The experience of Covid illustrates Engels’ point. It has vividly demonstrated the role of the family as an economic unit, to provide, unremunerated, unrecognised and with significant personal loss, services that should be socially provided. It is an impossible demand.
By Jane West
This coming weekend the Women’s Assembly Against Austerity will gather in London to discuss the impact of austerity specifically on women. The event is organised under the auspices of the People’s Assembly Against Austerity and speakers will include representative from various unions as well as the TUC, women campaigners and activists, researchers and experts. It will be an unmissable opportunity for women in the movement to get together to get the facts and co-ordinate the fight-back. You can register here.
By Annabel Kerr
Since the impact of austerity measures first started to bite in 2010 we have been aware that it will be those who are already worse off who will be most hit by the cuts and job losses.
By Lisa-Jane Green
A reactionary campaign against abortion rights has recently been whipped up by senior Tories. Backbencher Nadine Dorries MP secured a debate on reducing the abortion time limit from 24 to 22 weeks, Secretary of State for Health Jeremy Hunt re-stated his support for a reduction in the abortion time limit to 12 weeks (in an interview with The Times [paywall]) and Minister for Women and Equalities Maria Miller stated her support for a cut to the 20 week mark.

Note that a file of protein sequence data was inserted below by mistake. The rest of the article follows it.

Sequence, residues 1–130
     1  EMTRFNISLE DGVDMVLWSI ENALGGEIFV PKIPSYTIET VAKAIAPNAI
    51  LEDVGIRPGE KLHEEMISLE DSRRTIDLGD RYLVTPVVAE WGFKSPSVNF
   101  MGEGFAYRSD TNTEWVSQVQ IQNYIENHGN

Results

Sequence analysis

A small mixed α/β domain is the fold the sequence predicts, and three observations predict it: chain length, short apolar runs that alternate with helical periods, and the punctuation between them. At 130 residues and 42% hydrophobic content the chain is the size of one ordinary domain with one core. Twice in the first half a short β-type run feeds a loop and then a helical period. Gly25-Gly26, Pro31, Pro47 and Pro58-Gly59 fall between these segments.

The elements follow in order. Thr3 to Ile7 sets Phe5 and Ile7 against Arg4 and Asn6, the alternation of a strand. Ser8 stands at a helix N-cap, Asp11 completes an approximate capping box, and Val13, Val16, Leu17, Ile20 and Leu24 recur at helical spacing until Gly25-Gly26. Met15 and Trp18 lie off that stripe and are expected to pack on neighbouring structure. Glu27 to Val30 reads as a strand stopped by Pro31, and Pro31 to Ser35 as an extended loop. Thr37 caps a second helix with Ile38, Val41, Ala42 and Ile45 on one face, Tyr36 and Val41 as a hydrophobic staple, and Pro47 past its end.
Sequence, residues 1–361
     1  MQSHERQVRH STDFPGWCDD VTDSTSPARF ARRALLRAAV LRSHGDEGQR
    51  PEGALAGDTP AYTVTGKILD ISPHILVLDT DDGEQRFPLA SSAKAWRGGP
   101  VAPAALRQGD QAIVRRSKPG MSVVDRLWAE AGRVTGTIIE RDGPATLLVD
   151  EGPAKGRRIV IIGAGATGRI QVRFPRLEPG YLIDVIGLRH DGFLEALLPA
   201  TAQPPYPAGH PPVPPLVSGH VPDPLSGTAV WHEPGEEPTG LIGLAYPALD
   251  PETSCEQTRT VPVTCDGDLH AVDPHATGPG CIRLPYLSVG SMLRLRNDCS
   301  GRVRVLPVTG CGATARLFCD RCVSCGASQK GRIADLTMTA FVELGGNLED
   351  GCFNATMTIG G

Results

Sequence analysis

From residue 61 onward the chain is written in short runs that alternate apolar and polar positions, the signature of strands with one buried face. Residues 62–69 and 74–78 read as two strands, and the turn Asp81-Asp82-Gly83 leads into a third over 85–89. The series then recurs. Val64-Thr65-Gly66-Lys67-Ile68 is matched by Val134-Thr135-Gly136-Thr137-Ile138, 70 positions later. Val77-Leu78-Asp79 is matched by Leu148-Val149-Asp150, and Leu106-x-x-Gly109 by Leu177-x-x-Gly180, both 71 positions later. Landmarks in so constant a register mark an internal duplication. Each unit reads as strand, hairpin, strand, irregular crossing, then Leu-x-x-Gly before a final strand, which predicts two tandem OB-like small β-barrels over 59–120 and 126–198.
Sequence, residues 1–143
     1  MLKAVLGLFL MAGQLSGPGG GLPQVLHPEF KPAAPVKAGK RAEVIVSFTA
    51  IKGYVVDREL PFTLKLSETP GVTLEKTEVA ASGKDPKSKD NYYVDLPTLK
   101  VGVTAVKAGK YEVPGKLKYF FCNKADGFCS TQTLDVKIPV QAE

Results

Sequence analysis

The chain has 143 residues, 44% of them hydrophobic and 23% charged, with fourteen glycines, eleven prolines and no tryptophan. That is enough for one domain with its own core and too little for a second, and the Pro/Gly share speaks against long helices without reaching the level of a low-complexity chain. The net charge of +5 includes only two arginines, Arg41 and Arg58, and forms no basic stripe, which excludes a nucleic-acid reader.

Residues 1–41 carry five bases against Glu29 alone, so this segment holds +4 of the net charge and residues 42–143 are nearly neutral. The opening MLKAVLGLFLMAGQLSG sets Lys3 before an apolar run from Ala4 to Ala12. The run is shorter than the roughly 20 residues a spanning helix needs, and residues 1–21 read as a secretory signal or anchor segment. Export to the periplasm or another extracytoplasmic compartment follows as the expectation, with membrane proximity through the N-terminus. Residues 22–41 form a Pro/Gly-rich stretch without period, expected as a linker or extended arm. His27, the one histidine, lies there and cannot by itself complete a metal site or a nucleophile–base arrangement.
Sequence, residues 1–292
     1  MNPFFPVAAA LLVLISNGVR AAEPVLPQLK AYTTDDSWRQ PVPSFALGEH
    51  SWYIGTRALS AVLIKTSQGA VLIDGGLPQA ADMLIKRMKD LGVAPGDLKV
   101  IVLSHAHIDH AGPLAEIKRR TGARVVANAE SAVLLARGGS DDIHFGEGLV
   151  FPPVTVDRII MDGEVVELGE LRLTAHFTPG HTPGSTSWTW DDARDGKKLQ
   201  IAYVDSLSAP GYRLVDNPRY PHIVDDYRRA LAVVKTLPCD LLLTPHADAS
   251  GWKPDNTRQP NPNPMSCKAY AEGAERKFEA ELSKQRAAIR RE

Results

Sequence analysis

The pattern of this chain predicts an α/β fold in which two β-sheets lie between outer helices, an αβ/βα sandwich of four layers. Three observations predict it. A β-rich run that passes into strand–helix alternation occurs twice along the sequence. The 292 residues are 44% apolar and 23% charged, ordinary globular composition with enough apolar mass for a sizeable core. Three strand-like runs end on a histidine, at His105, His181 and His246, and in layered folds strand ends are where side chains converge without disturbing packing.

First published: March 1997
In addition to electing an historic number – 101 – of women MPs, Labour succeeded in closing the gender gap in voting in this general election. In 1992 exit polls showed that only 35 per cent of women voted Labour. This compared with 37 per cent of men.
The increased number of women MPs still leaves the Parliamentary Labour Party made up of only 24 per cent women members and the House of Commons as a whole with 18 per cent of MPs being women, lower than parliaments in Spain, Germany, Austria, Holland, Denmark and Sweden. At least 33 of the new women MPs elected were originally selected through an all-women shortlist. However, following the failure to appeal the Leeds Industrial Tribunal ruling, this policy was dropped and has not been replaced with any other mechanism.